Tuesday, March 21, 2006


As the Worlds spin

Lucinda Ruh atwirl
Now that the World Championships are underway, I curse the rigamarole of the international airwaves and politics of broadcast scheduling for the delay we lowly television viewers are made to endure; and I look forward to what I will see. Funnily, after many years of being a jump connoisseur above all else, I am dreamy with anticipation to see the spins this year.

When I was a skater, I was a natural jumper and a terrible spinner, so I focused more on the former and never really mastered the latter. As a spectator, I first became obsessed with spins when I saw Denise Bielmann perform her future namesake for the first time in international competition. I remember thinking that she looked just like my toy gyroscope while it was spinning: a perfect blend of physics and beauty.

It was a long time before another spinner moved me as much as Bielmann did, and it turned out to be another Swiss skater: Lucinda Ruh, who brings tears to my eyes when she spins. I certainly wish I could see more of her, but she rarely performs in shows that are televised. Lucinda Ruh is such an astounding spinner that judges rewarded her with enormous points in the artistic half of the scoring back in the 6.0 days, even though she never landed many great triples and always had problems with her jumps in competition. I've never heard it discussed by those who have reported on the change in the figure skating scoring system, but the new system contains far more ways to reward outstanding spins than did the old one, and I believe this is due, in large part, to Lucinda Ruh.

Following in the Swiss spinning tradition, Stephane Lambiel twirled onto the scene a few years ago with a collection of moves and positions not before seen in the men's competition, and obviously inspired by Ruh, with her artist's eye for shape and architect's exactness of form. For a year or two, he ruled--at least in my estimation--as the top amateur spinner in the world.

And then the scoring rules changed, and everybody else realized that their spins would start counting for much more of their total scores, and got to work. During the recent Olympics, I was surprised to see that Lambiel was not only no better a spinner than the other men, but was actually outperformed, outpositioned and outcentered by the likes of Weir, Lysacek and Pluschenko. Aha, I thought, the Swiss have lost their edge--how exciting! In fact, I became so engrossed by the excellent spinning in the Olympic men's competition that I actually got bored when they had to make a round on the rink and pop off a jump. Okay, not quite, but I was amazed by the improvement in overall spinning quality and difficulty.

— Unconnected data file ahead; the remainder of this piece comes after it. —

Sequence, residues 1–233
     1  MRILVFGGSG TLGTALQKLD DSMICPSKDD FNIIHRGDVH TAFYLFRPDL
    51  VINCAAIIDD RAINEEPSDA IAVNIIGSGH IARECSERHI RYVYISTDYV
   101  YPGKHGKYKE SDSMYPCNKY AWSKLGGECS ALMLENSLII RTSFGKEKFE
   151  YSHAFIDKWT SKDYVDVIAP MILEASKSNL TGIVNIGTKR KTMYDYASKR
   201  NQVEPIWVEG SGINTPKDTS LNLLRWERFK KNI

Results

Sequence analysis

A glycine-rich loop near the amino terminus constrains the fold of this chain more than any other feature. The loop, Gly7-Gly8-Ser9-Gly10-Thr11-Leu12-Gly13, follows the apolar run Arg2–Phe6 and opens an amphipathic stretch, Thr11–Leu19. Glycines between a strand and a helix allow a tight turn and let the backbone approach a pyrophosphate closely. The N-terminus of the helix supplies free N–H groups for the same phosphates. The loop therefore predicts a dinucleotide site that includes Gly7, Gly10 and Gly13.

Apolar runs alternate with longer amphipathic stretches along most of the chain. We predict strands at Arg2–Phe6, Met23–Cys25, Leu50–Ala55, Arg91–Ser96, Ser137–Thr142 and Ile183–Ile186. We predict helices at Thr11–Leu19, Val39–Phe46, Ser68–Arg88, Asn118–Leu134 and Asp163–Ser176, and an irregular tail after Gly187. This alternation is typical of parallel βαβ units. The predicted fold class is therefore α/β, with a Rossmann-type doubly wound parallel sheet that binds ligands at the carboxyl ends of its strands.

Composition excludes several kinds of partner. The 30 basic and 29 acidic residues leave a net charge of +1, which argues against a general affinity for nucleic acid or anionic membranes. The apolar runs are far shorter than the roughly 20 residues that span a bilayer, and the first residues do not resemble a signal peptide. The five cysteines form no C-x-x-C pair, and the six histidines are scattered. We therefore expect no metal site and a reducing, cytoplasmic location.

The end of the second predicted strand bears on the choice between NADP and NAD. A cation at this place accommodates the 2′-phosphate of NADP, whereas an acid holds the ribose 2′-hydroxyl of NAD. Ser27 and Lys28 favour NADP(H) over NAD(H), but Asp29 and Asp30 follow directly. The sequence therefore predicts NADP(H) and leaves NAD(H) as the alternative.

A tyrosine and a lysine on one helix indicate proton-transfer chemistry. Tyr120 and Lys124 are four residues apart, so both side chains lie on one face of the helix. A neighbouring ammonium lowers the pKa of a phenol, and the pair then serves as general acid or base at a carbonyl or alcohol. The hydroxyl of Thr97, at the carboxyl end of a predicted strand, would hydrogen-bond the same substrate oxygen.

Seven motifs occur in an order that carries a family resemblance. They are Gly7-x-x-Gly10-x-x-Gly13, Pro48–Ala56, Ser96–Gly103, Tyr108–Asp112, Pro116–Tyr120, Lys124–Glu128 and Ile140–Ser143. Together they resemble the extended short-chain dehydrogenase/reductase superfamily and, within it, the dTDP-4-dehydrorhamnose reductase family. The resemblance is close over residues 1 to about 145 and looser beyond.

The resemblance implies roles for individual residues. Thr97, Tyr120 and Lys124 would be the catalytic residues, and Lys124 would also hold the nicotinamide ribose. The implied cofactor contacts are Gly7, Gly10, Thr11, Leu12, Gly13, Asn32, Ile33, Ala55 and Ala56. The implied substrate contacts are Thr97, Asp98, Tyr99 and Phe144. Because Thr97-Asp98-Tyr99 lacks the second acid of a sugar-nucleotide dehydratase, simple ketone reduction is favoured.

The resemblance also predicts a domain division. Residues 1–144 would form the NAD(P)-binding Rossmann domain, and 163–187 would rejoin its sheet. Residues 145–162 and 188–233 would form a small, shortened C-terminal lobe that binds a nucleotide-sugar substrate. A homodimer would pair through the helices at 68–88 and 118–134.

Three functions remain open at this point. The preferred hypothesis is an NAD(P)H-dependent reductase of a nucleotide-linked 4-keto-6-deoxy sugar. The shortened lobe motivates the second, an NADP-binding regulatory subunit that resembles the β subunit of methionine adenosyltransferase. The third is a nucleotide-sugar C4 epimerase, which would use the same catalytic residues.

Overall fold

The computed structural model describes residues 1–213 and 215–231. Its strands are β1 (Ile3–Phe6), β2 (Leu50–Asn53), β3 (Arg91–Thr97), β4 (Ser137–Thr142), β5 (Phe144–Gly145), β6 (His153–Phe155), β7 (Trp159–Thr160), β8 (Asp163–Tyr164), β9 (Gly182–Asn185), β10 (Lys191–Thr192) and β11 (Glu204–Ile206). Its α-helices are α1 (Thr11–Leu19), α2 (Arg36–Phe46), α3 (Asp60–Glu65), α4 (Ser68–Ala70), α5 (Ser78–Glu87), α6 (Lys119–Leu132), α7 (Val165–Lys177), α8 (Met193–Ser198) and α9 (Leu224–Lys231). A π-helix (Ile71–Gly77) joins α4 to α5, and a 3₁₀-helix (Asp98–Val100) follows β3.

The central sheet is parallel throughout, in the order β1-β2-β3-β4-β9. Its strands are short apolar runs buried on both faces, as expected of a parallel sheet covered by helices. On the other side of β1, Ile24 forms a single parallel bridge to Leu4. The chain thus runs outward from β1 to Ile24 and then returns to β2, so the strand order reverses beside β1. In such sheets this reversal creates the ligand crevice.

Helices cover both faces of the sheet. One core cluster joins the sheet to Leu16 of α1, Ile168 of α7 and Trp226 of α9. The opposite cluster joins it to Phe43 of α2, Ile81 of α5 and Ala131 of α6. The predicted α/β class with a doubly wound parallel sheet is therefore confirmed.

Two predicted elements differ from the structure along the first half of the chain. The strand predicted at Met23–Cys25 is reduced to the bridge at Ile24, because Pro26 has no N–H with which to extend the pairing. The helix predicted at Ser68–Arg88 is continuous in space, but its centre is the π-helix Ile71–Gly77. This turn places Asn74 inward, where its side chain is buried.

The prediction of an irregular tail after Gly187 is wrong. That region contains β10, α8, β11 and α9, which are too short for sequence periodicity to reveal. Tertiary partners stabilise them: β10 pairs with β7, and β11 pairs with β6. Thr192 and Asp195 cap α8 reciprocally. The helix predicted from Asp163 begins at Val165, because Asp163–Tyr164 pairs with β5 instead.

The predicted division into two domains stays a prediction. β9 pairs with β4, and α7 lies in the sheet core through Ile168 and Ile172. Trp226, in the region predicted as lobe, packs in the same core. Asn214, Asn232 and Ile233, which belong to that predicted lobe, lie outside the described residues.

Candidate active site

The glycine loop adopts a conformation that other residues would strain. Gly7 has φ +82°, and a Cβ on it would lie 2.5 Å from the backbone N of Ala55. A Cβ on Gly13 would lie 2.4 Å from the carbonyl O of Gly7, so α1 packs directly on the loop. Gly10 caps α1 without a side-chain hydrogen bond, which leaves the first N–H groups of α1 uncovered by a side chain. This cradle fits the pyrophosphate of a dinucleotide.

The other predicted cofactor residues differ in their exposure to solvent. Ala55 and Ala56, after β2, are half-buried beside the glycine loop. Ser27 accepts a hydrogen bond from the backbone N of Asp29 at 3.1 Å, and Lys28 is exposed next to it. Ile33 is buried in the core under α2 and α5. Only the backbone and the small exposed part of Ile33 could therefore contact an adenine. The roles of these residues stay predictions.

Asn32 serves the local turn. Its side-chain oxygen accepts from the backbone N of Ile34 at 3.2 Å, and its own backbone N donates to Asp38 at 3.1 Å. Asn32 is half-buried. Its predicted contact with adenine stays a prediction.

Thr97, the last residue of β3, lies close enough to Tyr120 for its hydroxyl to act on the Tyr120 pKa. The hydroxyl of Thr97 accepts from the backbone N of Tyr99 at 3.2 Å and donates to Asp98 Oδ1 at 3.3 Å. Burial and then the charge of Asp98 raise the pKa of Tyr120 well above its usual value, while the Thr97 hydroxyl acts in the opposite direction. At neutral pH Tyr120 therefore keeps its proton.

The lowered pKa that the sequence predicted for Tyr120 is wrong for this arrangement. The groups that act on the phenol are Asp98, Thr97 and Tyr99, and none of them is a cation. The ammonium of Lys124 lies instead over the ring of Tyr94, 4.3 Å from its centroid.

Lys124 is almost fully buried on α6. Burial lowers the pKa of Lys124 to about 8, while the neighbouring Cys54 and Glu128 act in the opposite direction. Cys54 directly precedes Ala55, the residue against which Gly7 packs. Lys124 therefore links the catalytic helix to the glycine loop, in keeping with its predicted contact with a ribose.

I was also amazed to see that the men had actually surpassed the ladies in spinning prowess. Watch closely during the Worlds, and you may see what I mean. Then again, you may disagree. You may think NO man could ever match Sasha Cohen's elegant positions and precise centering. But then you may see SHAWN SAWYER skate for Canada during the men's event, and perhaps you'll agree with me that he is quickly becoming the best spinner in the entire field, and the only one who even closely approximates Lucinda Ruh's famed velocity. What's so exciting is that Sawyer is really just a tad ahead of the rest of the pack. If you haven't yet become a spinning fan, take a good close look at how they whirl at the Worlds--and then see if you can figure out the level and points for each one without letting your head spin.

The World Championships will be broadcast on ESPN March 23-26. See the schedule here.

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